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From FE Week:
Providers are warning they face “massive” legal and reputational risk because the Education and Skills Funding Agency continues to make students choose a sex rather than their gender to enrol on courses.
Currently, the individualised learner record, which providers have to fill in with a student’s information to access funding, mandates learners choose either male or female for their sex.
This means those who recognise as neither male nor female cannot have their decision respected.
Speaking for Dynamic Training, an independent training provider based in London, finance director Emma Lambert says the issue poses a “massive risk” to providers’ reputations.
“The ESFA’s old fashioned attitude to gender identities not only risks damaging the provider reputation, but it will undoubtedly end up in complaints and possibly legal action, which will be left with the provider to deal with.”
The 2010 Equality Act includes protections for people looking to change their sex and a 2020 employment tribunal ruled those protections apply to people who are not comfortable with being either male or female.
While learners are prohibited from choosing their gender in the ILR, the new FE workforce data collection includes a question on gender which allows staff members to select either male or female, “identifies in another way” or prefers not to say.
The Higher Education Statistics Agency’s information on students’ sex also lists options for sex including male, female, other or not known.
The ESFA does acknowledge in the ILR data collection specification there is “interest to be able to receive protected characteristics of learners such as gender”.
But guidance published by the agency said it did not have an operational use for these characteristics which “justifies increasing the administrative burden”.
It instead insists the “onus” is on providers to collect this data.
Dynamic, which provides apprenticeships including for NHS nurses and functional skills courses for the Greater London Authority, believes enabling learners’ gender identity to be recognised is “one small step that can have a positive impact on apprentices”.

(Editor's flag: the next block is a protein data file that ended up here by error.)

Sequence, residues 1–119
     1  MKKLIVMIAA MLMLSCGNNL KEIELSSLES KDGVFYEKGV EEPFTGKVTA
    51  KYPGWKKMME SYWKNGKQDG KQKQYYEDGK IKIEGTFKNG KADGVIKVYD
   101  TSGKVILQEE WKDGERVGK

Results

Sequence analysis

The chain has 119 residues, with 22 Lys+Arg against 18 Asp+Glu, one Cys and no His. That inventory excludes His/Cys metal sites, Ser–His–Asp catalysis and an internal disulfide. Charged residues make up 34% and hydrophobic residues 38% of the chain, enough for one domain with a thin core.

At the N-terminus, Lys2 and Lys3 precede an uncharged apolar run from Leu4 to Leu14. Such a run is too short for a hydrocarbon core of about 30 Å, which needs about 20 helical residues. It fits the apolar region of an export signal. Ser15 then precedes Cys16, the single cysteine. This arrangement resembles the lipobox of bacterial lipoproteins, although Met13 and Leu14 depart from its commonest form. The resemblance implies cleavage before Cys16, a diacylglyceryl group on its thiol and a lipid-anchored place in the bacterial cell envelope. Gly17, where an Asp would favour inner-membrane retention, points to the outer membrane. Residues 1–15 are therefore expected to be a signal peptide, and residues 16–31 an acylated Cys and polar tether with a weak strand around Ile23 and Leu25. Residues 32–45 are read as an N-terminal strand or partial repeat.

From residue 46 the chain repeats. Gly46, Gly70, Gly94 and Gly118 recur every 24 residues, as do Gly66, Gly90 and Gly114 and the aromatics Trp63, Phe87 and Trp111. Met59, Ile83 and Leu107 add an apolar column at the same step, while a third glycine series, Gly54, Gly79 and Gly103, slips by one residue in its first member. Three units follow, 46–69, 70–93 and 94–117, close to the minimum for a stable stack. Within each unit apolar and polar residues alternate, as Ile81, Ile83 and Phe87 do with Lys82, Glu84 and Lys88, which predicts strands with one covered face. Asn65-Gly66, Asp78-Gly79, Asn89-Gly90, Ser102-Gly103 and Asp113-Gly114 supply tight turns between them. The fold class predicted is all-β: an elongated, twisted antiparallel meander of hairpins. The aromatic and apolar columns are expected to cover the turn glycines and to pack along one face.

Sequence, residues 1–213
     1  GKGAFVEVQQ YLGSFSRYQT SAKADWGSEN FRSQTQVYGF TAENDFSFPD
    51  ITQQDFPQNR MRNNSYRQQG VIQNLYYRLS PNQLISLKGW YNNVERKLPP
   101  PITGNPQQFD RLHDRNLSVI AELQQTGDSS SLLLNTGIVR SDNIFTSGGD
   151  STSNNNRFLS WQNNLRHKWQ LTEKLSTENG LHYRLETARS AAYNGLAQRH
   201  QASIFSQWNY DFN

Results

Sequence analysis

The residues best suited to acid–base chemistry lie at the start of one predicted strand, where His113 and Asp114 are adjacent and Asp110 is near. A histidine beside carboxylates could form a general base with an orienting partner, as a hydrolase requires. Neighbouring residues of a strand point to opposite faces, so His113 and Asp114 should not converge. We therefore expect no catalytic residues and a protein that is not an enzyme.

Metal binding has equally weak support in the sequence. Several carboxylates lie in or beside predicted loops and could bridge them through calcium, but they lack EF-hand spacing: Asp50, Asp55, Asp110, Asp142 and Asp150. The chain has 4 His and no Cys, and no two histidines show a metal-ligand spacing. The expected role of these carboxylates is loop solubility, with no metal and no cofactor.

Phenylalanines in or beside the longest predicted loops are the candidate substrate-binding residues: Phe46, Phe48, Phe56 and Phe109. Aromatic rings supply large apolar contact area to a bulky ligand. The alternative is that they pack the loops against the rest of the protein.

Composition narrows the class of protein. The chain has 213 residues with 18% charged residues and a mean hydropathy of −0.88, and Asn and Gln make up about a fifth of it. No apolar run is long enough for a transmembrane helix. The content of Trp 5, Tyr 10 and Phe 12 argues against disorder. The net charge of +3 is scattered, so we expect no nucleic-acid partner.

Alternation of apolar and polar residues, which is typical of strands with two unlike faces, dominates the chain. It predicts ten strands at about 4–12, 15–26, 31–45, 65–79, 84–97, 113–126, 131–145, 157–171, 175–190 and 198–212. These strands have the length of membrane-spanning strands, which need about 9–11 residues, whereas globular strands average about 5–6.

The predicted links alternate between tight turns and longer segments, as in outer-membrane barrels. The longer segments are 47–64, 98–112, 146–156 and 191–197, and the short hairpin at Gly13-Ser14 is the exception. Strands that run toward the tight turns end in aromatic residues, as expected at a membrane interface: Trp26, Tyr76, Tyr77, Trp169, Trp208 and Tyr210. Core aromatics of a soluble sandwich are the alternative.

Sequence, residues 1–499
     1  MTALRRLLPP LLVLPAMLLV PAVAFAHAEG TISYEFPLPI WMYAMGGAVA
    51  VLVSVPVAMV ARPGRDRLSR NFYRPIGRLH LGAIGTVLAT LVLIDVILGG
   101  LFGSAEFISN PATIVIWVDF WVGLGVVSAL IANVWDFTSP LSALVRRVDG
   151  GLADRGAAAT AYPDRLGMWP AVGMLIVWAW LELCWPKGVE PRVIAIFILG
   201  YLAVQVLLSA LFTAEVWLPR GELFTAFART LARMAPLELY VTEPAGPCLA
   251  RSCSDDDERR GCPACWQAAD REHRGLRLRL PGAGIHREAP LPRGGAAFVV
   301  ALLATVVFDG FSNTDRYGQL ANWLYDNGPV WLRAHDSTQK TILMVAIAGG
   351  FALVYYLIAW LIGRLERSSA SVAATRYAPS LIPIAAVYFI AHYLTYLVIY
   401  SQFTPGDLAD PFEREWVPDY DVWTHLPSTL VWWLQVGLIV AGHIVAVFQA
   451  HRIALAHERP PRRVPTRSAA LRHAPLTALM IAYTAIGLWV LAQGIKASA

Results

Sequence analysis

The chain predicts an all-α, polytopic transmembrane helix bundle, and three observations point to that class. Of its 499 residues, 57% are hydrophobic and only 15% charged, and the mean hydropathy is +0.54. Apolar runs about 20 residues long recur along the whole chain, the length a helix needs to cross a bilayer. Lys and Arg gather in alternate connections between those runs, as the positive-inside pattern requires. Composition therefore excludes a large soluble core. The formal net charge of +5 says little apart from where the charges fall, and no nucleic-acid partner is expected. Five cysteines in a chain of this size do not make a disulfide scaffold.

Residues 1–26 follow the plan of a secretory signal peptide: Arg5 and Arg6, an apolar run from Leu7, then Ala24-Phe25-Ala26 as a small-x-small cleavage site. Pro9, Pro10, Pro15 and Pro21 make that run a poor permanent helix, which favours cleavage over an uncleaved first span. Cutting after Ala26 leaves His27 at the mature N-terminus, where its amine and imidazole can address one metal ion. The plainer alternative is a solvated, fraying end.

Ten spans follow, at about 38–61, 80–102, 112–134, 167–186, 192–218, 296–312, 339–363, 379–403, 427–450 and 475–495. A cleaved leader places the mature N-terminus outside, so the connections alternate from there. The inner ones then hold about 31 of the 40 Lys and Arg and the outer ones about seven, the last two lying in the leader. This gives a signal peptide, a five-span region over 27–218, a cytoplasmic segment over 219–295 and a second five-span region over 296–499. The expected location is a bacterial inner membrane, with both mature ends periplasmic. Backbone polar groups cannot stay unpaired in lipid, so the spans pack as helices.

Lambert says they ask learners what pronouns they use and manually enter it into documents, “because there’s no way on the ILR system you can put anything other than male or female”.
She is “frustrated” by the lack of action from the ESFA, because of the risks to providers, but also because “I think it’s wrong anyhow” to not let learners select their gender.
The provider has raised the problem multiple times with the ESFA helpdesk, but has only ever received non-committal answers.
But it is not just providers who ought to be worried about legal action.
FE funding and data expert Steve Hewitt, who raised this problem with the ILR in an opinion piece for FE Week two years ago, says the narrow selection of options leaves the DfE open to a direct discrimination claim.
He supposes that if someone tries to enrol at a college but refuses to choose either male or female, the college could say they will have to charge them the full fee for the course.
“At which point, they are directly discriminating against somebody purely because of their gender identity.”
Though he doubts it will go that far, because a college would have to be willing to take the “bad publicity and strain to their relationship with the ESFA” to play ball with a court case.
He believes the ESFA has not changed the entry options because the field is an “anchor” for the rest of the form.
But Hewitt believes it “wouldn’t be difficult” to change the field to reflect a wider choice of gender options, as the ILR regularly changes fields for other characteristics such as ethnicity.
Yet there has been no “meaningful shift” towards such a change, and Hewitt says there is no process for requests to change the ILR apart from within the agency or other governmental departments.